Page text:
Option 3 is usually the one preferred by the lender.  Reaffirming the car loan means you will once again be obligated for the loan debt, even after bankruptcy. If you really want to keep the car, it is upside down, and you don’t have the ability to redeem, then this may be your only option.

One positive aspect of a reaffirmation agreement is that it may be an opportunity to renegotiate the terms of the loan with the lender.  Since the lender is getting paid, more than in option 1 or 2 above, they may be willing to work with you a little.

Are Retirement Accounts Protected?

Your 401(k), IRA and State Pensions are Typically Protected.

The good news is most types of retirement accounts are protected from the bankruptcy court taking them during a Chapter 7 bankruptcy.  The government doesn’t want people to not be able to retire because of bankruptcy.  That would create a burden on the government and be a recipe for disaster.  So the government encourages retirement saving by protecting it from creditors in a bankruptcy or collection action.

Tax exempt retirement accounts are usually protected in bankruptcy, including:

What This Means? Don’t Tap Retirement Accounts to Pay Debts

Unfortunately, many people don’t know that retirement accounts are exempt in a bankruptcy and end up going through their life savings before filing bankruptcy.  While bankruptcy should be a last resort, you should not inflict unnecessary pain on yourself.

When you think of the powerful lobbyists that represent the big banks and lenders in this country, it is sort of amazing that congress managed to protect retirement savings from creditors.  This is great news for debtors and should not be taken lightly.  Bankruptcy is about your past.   Retirement accounts are for your future.  Keep the two separate.

What Happens to Household Items

Arizona Exemptions Protect Most Household Items

Unfortunately, many people are under the mistaken impression that bankruptcy will take everything they own, even their sofa.  Not true.  The goal of the bankruptcy process is to provide you a fresh start, free of debt, but not destitute.  In order to get that fresh start, you will need a basic and adequate standard of living.  And the Arizona property exemptions have taken this into account.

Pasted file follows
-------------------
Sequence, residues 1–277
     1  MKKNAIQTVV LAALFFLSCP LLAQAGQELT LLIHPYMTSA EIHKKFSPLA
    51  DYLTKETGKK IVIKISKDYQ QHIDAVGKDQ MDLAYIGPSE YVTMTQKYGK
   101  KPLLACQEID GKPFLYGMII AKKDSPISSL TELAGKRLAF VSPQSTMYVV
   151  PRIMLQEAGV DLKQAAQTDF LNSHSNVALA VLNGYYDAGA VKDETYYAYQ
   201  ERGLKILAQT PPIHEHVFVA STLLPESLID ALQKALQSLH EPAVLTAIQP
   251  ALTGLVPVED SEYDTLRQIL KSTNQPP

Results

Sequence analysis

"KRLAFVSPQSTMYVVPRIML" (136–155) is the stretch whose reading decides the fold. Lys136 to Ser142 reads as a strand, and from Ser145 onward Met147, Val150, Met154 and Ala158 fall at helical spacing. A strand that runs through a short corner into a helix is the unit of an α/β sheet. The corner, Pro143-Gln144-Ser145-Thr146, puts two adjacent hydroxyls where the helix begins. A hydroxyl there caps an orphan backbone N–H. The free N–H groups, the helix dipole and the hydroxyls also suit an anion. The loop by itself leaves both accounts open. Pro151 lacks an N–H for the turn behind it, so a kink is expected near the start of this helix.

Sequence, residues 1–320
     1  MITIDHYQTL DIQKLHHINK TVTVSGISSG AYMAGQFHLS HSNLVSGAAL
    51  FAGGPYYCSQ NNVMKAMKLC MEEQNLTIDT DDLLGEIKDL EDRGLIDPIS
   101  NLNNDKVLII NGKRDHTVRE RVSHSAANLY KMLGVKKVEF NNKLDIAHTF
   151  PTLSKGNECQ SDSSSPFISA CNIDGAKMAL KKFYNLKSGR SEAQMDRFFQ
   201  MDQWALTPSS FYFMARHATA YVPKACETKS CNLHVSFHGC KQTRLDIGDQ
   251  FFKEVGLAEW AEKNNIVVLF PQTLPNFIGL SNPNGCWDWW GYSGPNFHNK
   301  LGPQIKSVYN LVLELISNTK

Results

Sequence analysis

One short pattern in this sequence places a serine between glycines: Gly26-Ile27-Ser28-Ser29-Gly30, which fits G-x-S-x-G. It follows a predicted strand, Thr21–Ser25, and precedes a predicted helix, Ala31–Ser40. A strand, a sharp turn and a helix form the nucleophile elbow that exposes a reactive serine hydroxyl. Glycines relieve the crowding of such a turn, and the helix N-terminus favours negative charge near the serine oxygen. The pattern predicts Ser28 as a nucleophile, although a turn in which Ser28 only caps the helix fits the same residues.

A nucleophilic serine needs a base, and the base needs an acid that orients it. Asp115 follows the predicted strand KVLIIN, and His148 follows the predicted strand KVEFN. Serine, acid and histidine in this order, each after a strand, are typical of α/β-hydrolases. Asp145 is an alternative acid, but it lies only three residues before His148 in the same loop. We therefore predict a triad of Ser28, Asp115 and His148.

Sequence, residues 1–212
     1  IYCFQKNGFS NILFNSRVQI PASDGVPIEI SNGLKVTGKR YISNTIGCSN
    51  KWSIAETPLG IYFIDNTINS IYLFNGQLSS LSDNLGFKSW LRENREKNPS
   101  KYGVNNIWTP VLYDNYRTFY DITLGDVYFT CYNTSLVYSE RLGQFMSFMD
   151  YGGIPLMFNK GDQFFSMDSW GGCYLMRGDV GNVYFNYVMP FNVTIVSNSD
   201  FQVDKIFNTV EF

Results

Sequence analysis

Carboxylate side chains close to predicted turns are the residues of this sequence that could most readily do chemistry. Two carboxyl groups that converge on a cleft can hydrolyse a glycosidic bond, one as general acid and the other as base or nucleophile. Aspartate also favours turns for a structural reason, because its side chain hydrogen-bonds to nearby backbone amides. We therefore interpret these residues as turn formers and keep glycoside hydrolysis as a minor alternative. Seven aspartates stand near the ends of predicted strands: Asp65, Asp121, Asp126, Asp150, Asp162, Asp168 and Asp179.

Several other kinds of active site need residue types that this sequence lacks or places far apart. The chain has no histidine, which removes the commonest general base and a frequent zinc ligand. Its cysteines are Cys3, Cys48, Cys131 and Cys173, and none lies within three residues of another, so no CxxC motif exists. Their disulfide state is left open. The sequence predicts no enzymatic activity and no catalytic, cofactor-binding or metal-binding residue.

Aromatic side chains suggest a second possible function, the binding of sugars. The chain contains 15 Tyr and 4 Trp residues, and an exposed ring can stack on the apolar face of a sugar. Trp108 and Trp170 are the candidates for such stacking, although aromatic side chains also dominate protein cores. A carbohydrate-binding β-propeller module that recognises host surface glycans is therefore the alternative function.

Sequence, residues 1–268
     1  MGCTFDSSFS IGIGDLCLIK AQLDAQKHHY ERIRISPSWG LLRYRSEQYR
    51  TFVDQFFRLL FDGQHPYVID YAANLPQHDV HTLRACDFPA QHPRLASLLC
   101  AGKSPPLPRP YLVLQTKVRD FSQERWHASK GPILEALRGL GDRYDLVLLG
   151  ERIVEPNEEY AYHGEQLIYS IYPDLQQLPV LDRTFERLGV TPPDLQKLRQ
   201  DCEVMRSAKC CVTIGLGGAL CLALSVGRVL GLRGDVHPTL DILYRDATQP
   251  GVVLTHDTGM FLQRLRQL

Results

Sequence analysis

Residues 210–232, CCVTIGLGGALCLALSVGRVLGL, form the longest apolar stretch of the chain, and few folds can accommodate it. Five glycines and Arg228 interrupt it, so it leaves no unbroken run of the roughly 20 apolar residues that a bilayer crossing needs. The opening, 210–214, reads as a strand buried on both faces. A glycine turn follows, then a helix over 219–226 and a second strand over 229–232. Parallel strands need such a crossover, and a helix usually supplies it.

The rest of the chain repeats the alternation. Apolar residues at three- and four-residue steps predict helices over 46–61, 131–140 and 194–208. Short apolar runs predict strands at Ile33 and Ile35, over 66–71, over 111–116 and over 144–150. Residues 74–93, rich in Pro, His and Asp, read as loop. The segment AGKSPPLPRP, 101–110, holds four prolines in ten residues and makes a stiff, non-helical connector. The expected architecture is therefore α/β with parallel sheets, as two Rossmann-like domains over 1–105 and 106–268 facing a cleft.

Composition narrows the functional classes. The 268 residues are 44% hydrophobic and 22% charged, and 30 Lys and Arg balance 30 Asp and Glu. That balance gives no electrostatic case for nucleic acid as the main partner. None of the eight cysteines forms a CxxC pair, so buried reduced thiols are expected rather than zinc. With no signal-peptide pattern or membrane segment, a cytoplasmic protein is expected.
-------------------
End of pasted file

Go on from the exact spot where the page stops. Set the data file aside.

Here is a list of some of the common exemptions clients want to know about.  Note that a married couple can double these amounts:

$4,000 for 2 beds & bedding; 1 living room chair per person; 1 dresser, table, lamp, kitchen table, dining room table & 4 chairs (1 more per person); living room rug; couch; 3 lamps; 3 coffee or end tables; pictures, paintings, drawings, portraits; refrigerator, stove, washer, dryer, vacuum cleaner; TV, radio, stereo, alarm clock.
$150 in one bank account
$500 for bicycle, sewing machine, rifle, pistol, shotgun
$250 books
$500 clothing
$1,000 wedding/engagement rings
$100 watch
$250 musical instruments
Food & fuel to last 6 months
$5,000 funeral deposits
health aids
Car up to $5,000 in equity

What Happens to Your Income in Bankruptcy

Chapter 7 Bankruptcy: Post-Bankruptcy Income is Usually Safe

Under a Chapter 7 bankruptcy, the court is concerned primarily about your income in the 6 months BEFORE you filed bankruptcy.  In other words, you need to have a low enough income in the preceding 6 months to qualify for a Chapter 7 bankruptcy.  If you do, then your income after you file bankruptcy is yours to keep for the most part.  This is why it is usually a better idea to file a Chapter 7 bankruptcy while you are unemployed or not making much money, rather than after you land some high paying job.